The Australian Customs and Border Protection Service has delivered another anti-piracy windfall to Nintentdo by confiscating R4 chips and assorted counterfeit Nintendo products from a local importer.
R4 Chips – also known as Revolution 4 – are in the shape of Nintendo DS game cartridges but can take a memory card so users can play downloaded games on it. While the device can be used for legitimate purposes such as listening to music and watching video clips on the DS, it is generally bought to play illegally downloaded games.
According to the video Nintendo, this is the first time customs has dealt with R4 cards.
The event occurred on January 29 whereby Customs seized around 150 items suspected of infringing Nintendo’s trademark. According to the department, the items were taken in under the Notice of Objection Scheme in the Trade Marks Act 1995.
The importer has agreed to relinquish the products and Customs will dispose of them.
ARN requested the identity of the importer but Customs declined to disclose comment further.
“We have worked with industry to build a better understanding of, and access to, the Notice of Objection Scheme," the department's media division said. "Over the last three years, to June 2009, this resulted in a steady increase in the number of intellectual property notices of objection in force.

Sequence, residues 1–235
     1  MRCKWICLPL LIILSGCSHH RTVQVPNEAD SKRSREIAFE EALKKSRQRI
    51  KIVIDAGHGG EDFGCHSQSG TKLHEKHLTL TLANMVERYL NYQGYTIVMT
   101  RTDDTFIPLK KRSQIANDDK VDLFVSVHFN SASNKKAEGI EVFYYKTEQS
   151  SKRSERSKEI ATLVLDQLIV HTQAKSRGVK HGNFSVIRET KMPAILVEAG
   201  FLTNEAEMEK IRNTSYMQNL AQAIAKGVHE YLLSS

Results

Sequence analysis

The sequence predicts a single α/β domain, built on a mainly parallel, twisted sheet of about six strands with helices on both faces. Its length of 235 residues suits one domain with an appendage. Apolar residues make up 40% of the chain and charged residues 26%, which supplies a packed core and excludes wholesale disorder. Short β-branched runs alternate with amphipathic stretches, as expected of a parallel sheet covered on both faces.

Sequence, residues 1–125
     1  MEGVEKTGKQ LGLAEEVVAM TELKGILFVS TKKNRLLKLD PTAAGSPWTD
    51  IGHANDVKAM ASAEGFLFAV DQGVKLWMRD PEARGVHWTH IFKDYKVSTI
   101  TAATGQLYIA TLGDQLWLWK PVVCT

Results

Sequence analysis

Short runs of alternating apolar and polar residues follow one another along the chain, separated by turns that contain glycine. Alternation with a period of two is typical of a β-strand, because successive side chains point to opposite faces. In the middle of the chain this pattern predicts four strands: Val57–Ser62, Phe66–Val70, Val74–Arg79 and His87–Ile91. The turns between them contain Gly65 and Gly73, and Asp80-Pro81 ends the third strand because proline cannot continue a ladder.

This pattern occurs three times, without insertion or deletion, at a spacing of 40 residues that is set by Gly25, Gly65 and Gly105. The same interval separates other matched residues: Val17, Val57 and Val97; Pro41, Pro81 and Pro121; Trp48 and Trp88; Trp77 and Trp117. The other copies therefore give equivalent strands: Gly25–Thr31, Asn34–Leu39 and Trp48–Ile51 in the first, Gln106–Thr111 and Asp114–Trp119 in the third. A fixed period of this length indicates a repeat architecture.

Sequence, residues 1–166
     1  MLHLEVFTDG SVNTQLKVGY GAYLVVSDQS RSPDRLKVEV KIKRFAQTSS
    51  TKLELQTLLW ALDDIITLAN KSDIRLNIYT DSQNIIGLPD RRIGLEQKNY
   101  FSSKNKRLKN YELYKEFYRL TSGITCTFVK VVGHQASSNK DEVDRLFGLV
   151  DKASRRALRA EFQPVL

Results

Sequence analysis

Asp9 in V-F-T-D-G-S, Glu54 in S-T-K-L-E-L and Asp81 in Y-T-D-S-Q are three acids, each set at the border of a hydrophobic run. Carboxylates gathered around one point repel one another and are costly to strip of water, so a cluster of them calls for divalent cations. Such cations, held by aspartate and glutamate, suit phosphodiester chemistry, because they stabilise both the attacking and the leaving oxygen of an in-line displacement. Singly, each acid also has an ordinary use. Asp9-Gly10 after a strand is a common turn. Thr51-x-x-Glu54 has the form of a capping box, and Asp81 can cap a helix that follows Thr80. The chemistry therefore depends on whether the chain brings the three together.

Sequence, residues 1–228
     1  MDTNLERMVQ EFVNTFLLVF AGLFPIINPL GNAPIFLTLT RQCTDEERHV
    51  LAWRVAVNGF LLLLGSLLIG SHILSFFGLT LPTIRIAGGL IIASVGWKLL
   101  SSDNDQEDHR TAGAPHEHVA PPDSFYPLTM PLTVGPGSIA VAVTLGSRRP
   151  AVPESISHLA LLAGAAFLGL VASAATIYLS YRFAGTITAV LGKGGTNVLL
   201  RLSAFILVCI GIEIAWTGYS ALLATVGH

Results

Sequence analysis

“During 2008-2009 we made 2158 seizures of suspected counterfeit or pirated goods, comprising a total of 794,580 items with a total retail value of over $11 million.”
Nintendo has the right to take the importer to court but the company has yet to indicate its intentions to take legal action on the offender.
Attempts to block the sale of R4 on major online merchant sites such as eBay and Amazon have failed to quash the popularity of the chips but Nintendo has recently had some success in fighting piracy through legal action.
In February, the video games juggernaut sued IT accessories distributor, RSJ IT Solutions, for selling R4s on a number of its company websites. The Federal Court ordered RSJ to pay Nintendo $520,000 in damages. The owners of the business were ordered to pay $100,000.
In a statement, Nintendo said the court ruling establishes the illegal nature of selling and distributing game copiers.
Nintendo’s local anti-piracy efforts stretch beyond preventing the rampant spread of the R4. The company also took Queensland man, James Burt, to court for uploading a copy of the Nintendo Wii game, Super Mario Bros., before its Australian release date. Nintendo was awarded $1.5 million dollars.
ARN will provide updates on Customs action to seize R4 chips as news comes in.